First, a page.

Please use this identifier to cite or link to this item: http://localhost:8081/xmlui/handle/123456789/8649
Title: COMPUTER AIDED DESIGN OF ACTIVATED SLUDGE PROCESS TREATMENT PLANT
Authors: Mathur, Bhuvnesh
Keywords: CIVIL ENGINEERING;COMPUTER AIDED DESIGN;ACTIVATED SLUDGE PROCESS TREATMENT PLANT;ACTIVATED SLUDGE PROCESS
Issue Date: 1997
Abstract: Activated sludge process (ASP) is a widely used aerobic biological wastewater treatment process. The activated sludge process is very flexible and can be adopted to almost any type of biological waste treatment problem. The most common problem encountered in the operation of an activated sludge plant is bulking sludge. Because few plants have escaped the problem of bulking sludge, the factors which favour bulking of sludge, the rules which govern bulking and the methods of bulking control are incorporated in the present study. As the expenditures involved in the design and construction of activated sludge plants are considerable, both in terms of capital, operation and maintenance costs, even a few per cent saving at the design stage would be of significant value. In the present study, an attempt is made to develop a rational approach. to the design of component units of ASP viz, the reactor (aeration task), secondary clarifier and the sludge recycle taking into account the cost considerations and their interactions. Cost of anaerobic digestor is also included in the cost function to accont for the production of excess sludge. Aerator design is based on microbial kinetic concepts and continuous culture of microorganism theory. The design. of secondary clarifier is based on both surface loading rate and solid loading rate. The cost function is framed as the sum of capital and operating costs subject to the constraints determined by effluent quality criteria and process variables affecting the performance. The effect of the process variable on the cost is determined by performing the sensitivity analysis. Results suggest that the cost first decreases with the increase in recirculation ratio and after reaching the minimum, it starts increasing. Cost also increases with the increase in mean-cell residence time and overall efficiency. t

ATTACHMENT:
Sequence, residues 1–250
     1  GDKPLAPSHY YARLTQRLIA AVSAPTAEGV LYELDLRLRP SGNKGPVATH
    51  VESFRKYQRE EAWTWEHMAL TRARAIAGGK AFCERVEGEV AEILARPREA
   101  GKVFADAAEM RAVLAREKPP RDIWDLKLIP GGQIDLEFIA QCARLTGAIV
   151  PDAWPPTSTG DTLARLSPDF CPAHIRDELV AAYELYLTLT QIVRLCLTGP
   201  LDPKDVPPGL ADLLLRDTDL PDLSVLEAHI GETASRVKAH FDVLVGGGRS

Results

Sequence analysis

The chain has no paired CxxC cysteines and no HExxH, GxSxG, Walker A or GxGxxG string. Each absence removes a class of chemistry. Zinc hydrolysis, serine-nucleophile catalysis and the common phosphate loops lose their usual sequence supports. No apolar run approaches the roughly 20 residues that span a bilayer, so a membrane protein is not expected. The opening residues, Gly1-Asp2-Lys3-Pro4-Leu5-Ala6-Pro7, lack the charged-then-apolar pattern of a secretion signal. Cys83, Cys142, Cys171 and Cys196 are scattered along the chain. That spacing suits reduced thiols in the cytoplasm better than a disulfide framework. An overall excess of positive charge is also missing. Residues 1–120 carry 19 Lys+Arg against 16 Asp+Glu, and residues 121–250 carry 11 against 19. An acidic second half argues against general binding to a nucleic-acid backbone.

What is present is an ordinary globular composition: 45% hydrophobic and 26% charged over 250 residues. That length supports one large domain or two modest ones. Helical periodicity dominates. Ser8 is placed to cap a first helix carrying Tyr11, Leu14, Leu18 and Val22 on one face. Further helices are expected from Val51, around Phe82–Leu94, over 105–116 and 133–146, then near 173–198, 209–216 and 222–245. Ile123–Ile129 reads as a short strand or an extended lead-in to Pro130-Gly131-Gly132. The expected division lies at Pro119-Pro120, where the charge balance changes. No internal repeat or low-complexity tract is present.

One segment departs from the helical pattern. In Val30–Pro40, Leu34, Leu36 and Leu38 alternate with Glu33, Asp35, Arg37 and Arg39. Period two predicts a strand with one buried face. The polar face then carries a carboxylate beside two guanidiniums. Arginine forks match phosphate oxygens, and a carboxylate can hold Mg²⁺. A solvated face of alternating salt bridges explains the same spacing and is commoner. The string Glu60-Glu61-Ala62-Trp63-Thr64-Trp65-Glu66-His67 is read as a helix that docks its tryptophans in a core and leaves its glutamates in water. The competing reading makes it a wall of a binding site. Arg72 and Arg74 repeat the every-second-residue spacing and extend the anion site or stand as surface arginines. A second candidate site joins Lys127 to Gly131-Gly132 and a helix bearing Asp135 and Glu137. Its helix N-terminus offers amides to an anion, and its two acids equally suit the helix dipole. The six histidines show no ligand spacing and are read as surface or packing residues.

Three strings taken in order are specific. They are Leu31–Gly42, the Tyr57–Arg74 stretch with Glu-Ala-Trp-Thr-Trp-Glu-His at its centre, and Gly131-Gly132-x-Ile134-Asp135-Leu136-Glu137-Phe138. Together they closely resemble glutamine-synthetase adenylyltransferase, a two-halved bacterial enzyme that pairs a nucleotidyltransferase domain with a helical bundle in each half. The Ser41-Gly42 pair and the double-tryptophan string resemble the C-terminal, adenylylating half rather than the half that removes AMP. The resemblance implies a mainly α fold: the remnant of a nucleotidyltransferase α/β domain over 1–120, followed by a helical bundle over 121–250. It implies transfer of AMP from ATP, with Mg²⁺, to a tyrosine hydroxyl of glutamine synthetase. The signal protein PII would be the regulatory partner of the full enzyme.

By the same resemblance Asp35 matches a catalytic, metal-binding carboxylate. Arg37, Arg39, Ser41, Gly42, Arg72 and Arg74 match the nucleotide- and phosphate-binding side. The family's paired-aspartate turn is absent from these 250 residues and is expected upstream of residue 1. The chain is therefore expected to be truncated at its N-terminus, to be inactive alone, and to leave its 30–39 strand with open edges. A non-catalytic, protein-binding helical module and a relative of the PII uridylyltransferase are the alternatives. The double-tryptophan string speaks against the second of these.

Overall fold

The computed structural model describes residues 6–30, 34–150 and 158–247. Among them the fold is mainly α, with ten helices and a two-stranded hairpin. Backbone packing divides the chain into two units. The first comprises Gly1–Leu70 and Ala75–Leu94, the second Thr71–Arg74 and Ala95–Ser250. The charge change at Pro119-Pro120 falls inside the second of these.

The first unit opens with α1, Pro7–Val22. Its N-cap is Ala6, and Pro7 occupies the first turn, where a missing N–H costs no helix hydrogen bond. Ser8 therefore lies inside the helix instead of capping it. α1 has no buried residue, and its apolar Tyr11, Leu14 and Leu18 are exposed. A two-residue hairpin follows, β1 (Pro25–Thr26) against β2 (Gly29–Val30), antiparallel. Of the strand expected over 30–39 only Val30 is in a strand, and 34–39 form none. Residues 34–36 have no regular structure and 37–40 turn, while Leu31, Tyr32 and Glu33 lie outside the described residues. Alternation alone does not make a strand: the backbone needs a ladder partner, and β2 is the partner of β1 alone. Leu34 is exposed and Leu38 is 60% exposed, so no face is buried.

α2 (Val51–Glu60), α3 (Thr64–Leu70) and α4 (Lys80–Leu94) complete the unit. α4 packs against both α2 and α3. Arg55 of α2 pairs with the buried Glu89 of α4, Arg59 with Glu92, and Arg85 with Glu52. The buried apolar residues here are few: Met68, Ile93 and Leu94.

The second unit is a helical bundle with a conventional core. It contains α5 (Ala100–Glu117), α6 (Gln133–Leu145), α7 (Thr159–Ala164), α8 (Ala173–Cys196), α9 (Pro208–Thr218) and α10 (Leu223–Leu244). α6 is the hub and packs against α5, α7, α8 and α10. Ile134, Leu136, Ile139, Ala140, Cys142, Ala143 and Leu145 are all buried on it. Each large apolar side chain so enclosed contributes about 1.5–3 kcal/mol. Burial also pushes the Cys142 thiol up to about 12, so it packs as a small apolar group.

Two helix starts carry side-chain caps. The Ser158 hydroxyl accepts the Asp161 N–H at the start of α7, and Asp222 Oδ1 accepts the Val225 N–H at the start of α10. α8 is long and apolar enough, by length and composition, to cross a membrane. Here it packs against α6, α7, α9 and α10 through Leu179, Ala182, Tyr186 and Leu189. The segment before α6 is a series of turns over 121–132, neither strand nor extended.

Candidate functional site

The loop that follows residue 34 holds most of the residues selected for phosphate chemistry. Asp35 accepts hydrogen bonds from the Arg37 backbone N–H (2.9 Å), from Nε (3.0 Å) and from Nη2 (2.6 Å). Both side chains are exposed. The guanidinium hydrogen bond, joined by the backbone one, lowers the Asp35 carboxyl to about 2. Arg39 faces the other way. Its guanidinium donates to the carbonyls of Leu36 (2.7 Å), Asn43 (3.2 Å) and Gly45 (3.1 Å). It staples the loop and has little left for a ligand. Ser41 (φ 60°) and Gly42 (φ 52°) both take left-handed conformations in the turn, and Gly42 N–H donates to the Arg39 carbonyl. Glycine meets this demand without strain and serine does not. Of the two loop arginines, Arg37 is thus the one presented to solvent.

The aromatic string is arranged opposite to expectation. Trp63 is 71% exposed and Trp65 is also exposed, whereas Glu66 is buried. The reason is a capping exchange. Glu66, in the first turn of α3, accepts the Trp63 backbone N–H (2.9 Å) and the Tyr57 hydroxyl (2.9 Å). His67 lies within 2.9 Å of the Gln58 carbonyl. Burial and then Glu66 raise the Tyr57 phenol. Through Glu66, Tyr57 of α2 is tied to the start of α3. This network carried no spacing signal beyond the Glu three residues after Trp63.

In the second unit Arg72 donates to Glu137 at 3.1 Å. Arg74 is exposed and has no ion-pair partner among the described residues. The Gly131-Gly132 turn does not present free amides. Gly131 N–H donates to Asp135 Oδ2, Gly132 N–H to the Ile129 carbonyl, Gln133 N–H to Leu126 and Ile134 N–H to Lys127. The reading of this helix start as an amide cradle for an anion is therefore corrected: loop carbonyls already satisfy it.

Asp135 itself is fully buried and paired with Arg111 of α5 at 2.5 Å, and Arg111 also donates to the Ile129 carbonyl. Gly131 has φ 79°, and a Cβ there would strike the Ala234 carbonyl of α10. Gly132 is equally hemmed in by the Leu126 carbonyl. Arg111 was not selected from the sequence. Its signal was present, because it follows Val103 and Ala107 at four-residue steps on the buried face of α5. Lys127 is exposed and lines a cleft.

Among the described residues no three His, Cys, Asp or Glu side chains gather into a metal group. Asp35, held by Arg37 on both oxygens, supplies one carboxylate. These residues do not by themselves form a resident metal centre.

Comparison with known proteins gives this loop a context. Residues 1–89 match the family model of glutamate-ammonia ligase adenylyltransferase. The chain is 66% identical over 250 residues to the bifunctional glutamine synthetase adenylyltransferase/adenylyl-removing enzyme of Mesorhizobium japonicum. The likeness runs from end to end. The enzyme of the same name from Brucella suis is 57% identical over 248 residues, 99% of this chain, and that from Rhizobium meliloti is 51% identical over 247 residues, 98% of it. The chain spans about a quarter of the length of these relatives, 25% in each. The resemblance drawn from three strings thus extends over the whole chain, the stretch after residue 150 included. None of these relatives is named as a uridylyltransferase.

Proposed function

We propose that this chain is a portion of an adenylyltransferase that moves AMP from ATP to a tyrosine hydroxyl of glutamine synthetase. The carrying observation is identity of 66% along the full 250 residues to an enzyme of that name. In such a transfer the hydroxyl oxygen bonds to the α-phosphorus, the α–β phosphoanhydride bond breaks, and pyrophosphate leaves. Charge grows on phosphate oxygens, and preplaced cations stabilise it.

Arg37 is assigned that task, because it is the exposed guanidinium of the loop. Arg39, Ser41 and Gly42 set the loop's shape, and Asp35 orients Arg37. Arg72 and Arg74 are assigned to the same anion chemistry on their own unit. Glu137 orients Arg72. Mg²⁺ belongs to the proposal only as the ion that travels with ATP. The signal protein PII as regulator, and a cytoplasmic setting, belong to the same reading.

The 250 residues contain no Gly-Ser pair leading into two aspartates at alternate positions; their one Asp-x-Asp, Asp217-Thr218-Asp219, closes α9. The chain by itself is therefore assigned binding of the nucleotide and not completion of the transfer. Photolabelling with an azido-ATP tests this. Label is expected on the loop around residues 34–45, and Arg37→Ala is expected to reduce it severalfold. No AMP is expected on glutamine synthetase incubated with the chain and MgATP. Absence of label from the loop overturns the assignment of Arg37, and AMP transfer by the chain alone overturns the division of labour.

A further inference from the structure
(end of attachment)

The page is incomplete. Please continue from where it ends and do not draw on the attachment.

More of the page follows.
URI: http://hdl.handle.net/123456789/8649
Other Identifiers: M.Tech
Research Supervisor/ Guide: Ojha, C. S. P.
metadata.dc.type: M.Tech Dessertation
Appears in Collections:MASTERS' DISSERTATIONS (Civil Engg)

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